Medical school libraries share the dilemma of other academic research libraries in trying to cope with the publication of unprecedented amounts of new knowledge. The volume of biomedical information is estimated to double every 10 years with millions of medical articles published annually in more than 70 languages. It has been claimed that if you managed to read two biomedical articles every single day, you would be 55 centuries behind each year! This glut of information (someone likened it to drinking from a fire hose) is coupled with the increasing expectations of users that "everything is online, for free". This, of course, is not true. Medical library budgets are strained to the breaking point trying to balance the purchase of both print and electronic materials. The shifting publication landscape now requires the careful negotiation of license agreements with online vendors to permit optimum access for library users. Librarians are also fighting hard to protect fair-use and preservation rights in the electronic environment. Long-established resource sharing networks such as the National Network of Libraries of Medicine could be at risk, or will need to change with the new models of publication.
The Cycle of Discovery, Practice, and Learning
A researcher in molecular genetics has an idea. She seeks the assistance of a health sciences librarian to formulate a comprehensive literature review through resources such as MEDLINE, as well as the Internet, to include with her grant proposal. The researcher receives the grant, makes significant discoveries, and publishes several articles in prestigious journals to which her library subscribes. Other researchers build on her discoveries which eventually result in a new way to test for genetic disease. A genetic counselor at the academic health center attends a class at the library that teaches how to identify information that makes a difference in patient care. He puts that knowledge to work and finds an article based on the research of the molecular geneticist. The next day he suggests the test to a patient, and later, teaches a group of 2nd year medical students about what he was able to do with the information he found.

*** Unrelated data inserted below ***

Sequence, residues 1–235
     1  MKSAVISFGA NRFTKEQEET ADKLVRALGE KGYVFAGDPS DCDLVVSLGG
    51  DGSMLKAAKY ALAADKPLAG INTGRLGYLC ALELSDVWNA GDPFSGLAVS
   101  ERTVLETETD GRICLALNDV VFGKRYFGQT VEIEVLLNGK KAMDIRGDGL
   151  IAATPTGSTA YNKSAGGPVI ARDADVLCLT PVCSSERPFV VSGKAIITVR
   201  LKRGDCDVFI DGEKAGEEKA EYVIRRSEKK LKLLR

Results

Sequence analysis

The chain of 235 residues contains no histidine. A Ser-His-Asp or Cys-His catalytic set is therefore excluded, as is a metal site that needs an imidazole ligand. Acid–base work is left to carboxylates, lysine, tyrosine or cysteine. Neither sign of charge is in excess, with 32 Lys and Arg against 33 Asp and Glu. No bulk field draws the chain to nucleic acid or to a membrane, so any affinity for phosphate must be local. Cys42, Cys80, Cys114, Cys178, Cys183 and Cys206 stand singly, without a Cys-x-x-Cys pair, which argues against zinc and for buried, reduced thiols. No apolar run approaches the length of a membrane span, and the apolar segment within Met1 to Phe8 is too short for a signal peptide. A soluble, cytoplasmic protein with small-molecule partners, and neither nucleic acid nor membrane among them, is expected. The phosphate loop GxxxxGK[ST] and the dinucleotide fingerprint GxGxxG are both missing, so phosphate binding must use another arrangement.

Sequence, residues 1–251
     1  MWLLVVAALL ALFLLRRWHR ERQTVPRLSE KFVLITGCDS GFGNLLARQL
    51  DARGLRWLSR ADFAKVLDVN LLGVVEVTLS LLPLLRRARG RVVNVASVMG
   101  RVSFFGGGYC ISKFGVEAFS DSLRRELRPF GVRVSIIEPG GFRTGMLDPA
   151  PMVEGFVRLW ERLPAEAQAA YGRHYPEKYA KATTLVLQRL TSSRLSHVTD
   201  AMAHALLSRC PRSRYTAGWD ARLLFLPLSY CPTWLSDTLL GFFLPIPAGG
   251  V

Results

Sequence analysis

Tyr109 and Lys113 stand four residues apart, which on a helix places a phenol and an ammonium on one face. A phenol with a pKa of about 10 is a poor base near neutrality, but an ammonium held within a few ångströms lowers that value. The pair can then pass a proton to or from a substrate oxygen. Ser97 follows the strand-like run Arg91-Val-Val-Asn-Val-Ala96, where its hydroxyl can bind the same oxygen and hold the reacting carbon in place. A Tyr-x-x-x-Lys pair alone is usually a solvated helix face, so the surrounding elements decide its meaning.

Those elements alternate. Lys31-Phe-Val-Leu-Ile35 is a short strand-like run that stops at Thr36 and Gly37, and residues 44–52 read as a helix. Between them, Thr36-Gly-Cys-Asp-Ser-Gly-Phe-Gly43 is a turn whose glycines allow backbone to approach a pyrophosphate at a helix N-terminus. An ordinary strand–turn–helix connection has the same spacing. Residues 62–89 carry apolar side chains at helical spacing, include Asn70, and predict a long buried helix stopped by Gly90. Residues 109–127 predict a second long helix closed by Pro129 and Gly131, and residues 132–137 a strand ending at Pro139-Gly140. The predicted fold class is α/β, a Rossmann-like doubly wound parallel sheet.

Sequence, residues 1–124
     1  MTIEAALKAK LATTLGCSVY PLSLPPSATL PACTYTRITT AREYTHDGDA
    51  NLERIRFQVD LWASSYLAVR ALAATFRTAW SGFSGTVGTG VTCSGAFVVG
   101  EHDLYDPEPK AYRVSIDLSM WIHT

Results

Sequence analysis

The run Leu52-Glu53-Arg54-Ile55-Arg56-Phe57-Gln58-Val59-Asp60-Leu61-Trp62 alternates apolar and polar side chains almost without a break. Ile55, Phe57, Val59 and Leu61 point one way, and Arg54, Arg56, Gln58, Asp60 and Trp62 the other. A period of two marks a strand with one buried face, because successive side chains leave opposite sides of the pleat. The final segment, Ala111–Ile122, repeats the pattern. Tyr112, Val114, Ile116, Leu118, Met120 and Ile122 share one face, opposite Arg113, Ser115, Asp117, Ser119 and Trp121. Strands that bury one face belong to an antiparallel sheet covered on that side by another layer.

This is part of the satisfaction of being a health sciences librarian - playing an integral role in the cycle of scientific communication as knowledge navigators and teachers. The discovery of new information, the dissemination of that information and its synthesis into knowledge, the application of that knowledge to benefit a patient, and finally, the transfer of knowledge to the next generation of health professionals: this is the environment in which health sciences librarians thrive, and make their contribution to society.
In 1997/98 there were 159 medical school libraries (both allopathic and osteopathic) in the United States and Canada. Most of these libraries are part of an academic health center which often includes schools for other disciplines such as nursing, dentistry, public health or allied health, as well as one or more hospitals. Collectively, these libraries hold more than 32 million volumes, employ 5,000 total librarians and support staff, and have annual expenditures of nearly $306 million. In Virginia, the three academic health sciences libraries (at Eastern Virginia Medical School, Virginia Commonwealth University and the University of Virginia) together have 606,000 volumes, 127 staff and $7.5 million in annual expenditures.
[Figures from Annual Statistics of Medical School Libraries in the United States and Canada 1997/98, Seattle: Association of Academic Health Sciences Libraries, 1999.]
Karen Grandage is the Educational Services Coordinator and Linda Watson the Director of the Claude Moore Health Sciences Library - University of Virginia Health Sciences Center, Charlottesville Virginia.